What is an IP Fragmentation Attack? Types & Prevention

Arsalan Rathore

September 23, 2022
Updated on September 23, 2022
What is an IP Fragmentation Attack? Types & Prevention

Have you ever had trouble accessing a website? Amongst a few possible causes, one reason could be a cyberattack. Hackers are known to have an arsenal of tools to intercept and disrupt communication, and one particular way is by interfering with how an IP transfers information to the end user.

IP Fragmentation Attacks aren’t anything new. Internet Service Providers and webmasters alike have been coming up with ways to prevent it, but many hackers still resort to such means to interfere with a safe browsing experience. 

In order to understand what an IP Fragmentation Attack is and how it happens, we have to understand a few different concepts. Read on to learn how to protect yourself from becoming a victim of cybercrime. 

What is packet switching?

Since data is sent in IP packets, and such packets are of a specific size.  Patching switching can occur on connection-based means and connectionless platforms alike. 

A connection-based packet switching means that data is delivered and received in a specific order, which allows for a pathway for communication to be established prior to any transfer of data.

Connectionless packet switching, on the other hand, is when every packet is delivered independently instead of in a particular order. Consider it like sending items randomly, instead of in a queue. 

These out-of-queue packets are called datagrams and can travel in all sorts of undetermined, random orders. Since this form is much less structured than that of a connection-based method, datagrams can be used to attack or target servers.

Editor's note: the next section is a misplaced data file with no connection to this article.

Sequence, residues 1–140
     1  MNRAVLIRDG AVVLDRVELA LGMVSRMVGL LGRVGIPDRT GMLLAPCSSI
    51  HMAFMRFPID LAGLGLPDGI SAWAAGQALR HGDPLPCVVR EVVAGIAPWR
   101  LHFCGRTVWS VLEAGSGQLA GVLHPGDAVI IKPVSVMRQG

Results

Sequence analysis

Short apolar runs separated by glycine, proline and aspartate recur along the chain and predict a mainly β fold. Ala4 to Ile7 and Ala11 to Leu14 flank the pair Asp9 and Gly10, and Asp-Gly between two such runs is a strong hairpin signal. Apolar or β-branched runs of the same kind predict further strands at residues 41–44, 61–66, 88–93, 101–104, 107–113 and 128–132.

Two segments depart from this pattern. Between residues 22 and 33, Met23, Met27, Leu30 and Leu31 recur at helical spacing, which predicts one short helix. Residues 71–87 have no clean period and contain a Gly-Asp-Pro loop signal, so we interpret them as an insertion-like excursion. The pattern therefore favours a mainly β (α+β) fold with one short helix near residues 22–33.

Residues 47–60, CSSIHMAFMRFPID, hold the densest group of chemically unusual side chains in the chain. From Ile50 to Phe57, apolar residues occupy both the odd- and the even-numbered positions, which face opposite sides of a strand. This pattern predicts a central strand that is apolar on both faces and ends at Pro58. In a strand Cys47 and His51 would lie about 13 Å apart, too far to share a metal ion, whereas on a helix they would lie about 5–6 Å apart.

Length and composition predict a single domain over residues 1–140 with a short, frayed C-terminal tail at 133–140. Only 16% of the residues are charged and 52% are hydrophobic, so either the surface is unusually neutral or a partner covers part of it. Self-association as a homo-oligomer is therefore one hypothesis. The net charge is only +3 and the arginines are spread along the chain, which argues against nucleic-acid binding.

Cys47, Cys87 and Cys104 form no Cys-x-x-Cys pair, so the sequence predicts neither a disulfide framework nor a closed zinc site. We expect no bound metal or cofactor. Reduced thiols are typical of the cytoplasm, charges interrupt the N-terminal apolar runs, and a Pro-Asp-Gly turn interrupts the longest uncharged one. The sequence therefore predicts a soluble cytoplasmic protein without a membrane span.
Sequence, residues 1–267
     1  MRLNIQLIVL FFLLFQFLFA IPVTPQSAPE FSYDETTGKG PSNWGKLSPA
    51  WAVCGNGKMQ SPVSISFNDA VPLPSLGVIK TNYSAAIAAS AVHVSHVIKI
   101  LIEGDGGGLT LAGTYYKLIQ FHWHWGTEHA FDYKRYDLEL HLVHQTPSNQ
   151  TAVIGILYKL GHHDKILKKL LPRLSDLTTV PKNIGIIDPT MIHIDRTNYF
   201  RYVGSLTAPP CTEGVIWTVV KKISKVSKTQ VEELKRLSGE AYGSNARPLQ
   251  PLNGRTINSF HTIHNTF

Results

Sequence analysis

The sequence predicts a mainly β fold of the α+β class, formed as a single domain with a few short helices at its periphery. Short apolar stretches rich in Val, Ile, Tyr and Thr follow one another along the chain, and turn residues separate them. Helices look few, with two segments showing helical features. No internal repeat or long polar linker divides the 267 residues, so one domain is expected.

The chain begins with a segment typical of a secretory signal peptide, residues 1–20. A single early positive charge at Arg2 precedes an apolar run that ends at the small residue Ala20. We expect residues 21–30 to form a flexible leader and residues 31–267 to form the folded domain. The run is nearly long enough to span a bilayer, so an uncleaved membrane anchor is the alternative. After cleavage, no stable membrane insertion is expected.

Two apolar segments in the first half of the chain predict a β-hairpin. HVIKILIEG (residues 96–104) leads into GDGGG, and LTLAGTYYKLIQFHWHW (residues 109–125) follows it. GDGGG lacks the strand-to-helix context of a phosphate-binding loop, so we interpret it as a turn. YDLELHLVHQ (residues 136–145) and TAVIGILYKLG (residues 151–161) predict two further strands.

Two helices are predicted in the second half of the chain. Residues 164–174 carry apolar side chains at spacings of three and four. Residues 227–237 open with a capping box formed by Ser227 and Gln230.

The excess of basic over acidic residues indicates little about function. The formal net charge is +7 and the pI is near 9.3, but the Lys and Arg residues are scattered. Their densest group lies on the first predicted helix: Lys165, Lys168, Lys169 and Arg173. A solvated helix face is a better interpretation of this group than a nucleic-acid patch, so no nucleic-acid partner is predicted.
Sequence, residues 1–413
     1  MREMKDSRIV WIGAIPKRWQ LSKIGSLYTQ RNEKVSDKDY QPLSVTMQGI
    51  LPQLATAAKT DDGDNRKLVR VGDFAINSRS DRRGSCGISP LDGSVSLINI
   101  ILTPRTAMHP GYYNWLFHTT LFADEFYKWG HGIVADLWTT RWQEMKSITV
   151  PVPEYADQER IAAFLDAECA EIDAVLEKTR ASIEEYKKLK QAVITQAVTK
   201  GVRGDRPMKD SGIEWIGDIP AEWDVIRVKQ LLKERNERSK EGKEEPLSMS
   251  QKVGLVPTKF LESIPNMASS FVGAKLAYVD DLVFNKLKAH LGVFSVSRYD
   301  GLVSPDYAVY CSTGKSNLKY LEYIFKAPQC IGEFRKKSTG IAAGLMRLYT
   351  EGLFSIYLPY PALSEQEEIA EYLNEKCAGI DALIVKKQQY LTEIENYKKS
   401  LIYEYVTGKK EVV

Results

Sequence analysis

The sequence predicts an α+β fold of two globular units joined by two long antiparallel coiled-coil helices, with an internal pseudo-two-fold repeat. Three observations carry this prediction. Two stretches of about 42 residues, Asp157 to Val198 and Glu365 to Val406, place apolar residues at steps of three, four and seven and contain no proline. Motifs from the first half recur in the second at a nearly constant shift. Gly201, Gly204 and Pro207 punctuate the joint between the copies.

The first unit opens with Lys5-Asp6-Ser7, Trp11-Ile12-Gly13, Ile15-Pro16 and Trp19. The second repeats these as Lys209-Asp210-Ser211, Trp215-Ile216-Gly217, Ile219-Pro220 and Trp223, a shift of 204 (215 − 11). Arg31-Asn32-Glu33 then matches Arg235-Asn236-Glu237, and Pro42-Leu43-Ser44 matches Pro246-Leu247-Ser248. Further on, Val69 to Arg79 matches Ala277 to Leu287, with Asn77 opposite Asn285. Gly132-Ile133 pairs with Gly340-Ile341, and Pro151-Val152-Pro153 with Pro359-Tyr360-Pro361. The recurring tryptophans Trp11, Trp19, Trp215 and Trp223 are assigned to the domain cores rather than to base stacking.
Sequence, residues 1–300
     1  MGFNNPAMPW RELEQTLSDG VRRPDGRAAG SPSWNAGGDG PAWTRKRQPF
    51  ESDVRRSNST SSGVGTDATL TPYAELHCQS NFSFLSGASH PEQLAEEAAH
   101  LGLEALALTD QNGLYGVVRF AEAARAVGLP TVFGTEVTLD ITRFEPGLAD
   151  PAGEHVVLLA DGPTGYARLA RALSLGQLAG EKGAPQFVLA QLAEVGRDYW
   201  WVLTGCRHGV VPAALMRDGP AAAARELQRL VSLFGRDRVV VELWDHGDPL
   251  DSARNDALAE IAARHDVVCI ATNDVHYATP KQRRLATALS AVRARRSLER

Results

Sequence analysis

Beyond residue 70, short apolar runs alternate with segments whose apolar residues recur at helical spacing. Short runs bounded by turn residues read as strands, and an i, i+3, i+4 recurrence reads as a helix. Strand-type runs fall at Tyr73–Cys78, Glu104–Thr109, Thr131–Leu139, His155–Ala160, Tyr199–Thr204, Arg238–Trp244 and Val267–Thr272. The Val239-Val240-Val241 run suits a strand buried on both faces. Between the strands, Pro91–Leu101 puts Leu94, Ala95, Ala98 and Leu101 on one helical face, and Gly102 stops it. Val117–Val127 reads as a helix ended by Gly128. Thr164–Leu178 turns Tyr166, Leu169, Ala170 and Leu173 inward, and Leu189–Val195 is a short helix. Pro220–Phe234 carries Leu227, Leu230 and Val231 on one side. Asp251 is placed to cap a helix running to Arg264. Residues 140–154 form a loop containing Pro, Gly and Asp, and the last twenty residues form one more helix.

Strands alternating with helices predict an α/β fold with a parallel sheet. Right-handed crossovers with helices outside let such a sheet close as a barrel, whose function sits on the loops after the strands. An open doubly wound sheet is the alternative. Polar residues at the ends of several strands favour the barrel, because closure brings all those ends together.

What is fragmentation?

Diving a datagram into smaller pieces of information packets is IP fragmentation. In order for a successful transfer and procession, these are usually of a very specific size. Before the receiver can look into the data they received, they must re-assemble the packets into order so that the information makes sense. If a datagram is too big to properly process or arrange, the user can re-fragment the packet for their own convenience. 

What is an IP fragmentation attack?

An IP fragmentation attack is a Denial of Service (DoS) attack that uses IP fragmentation to disrupt how the datagrams are being fragmented. This is to distrupt the running of web services, disable websites, or overload the network to make it inaccessible to users and visitors alike. 

The end goal is to stop a server from functioning how it is meant to and to stop traffic from ever reaching the website. There are many different forms of such attacks, but they most typically involve disrupting the flow of datagrams and rearranging them to make them near impossible to reassemble for actual use.

Types of an IP Fragmentation Attack

The general basis of all IP fragmentation attacks is to deactivate, block, and disrupt the working of servers and services. They are able to do this by changing, corrupting, adding, or re-arranging datagrams to inhibit the proper reconstruction, which means that the user, upon reception, will not be able to assemble the datagrams.

1. Tiny fragment attack:

Each IP packet has a payload and a header- the payload carries data towards the header, and the header directs the packet towards the destination. Much like the name, this attack consists of a tiny packet fragment entering the server. Since it is so small, it causes problems in reassembly as it does not fit in with the rest of the headers, which can cause server unavailability.